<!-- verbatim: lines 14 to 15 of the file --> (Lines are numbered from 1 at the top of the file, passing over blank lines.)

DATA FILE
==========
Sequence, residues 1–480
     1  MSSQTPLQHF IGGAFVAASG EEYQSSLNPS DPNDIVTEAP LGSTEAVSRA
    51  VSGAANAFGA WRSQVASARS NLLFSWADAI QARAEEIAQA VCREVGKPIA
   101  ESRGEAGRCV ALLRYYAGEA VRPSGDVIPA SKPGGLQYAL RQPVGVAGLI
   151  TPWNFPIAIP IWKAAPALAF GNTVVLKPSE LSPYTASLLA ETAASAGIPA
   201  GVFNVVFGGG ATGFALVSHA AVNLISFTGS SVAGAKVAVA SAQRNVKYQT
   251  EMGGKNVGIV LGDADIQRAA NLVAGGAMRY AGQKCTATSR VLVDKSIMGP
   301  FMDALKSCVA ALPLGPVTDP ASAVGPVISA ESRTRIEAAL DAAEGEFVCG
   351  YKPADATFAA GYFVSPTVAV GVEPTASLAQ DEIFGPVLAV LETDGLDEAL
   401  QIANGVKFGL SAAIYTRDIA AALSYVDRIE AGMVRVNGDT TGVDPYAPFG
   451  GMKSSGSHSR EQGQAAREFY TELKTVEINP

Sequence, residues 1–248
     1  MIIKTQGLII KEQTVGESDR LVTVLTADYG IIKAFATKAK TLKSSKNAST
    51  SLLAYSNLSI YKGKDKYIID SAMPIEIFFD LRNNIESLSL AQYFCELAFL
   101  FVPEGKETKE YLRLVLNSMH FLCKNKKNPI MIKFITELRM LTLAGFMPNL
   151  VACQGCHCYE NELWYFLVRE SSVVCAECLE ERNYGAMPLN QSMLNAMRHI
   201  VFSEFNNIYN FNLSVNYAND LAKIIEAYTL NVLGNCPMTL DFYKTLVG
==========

    51  SLLAYSNLSI YKGKDKYIID SAMPIEIFFD LRNNIESLSL AQYFCELAFL
   101  FVPEGKETKE YLRLVLNSMH FLCKNKKNPI MIKFITELRM LTLAGFMPNL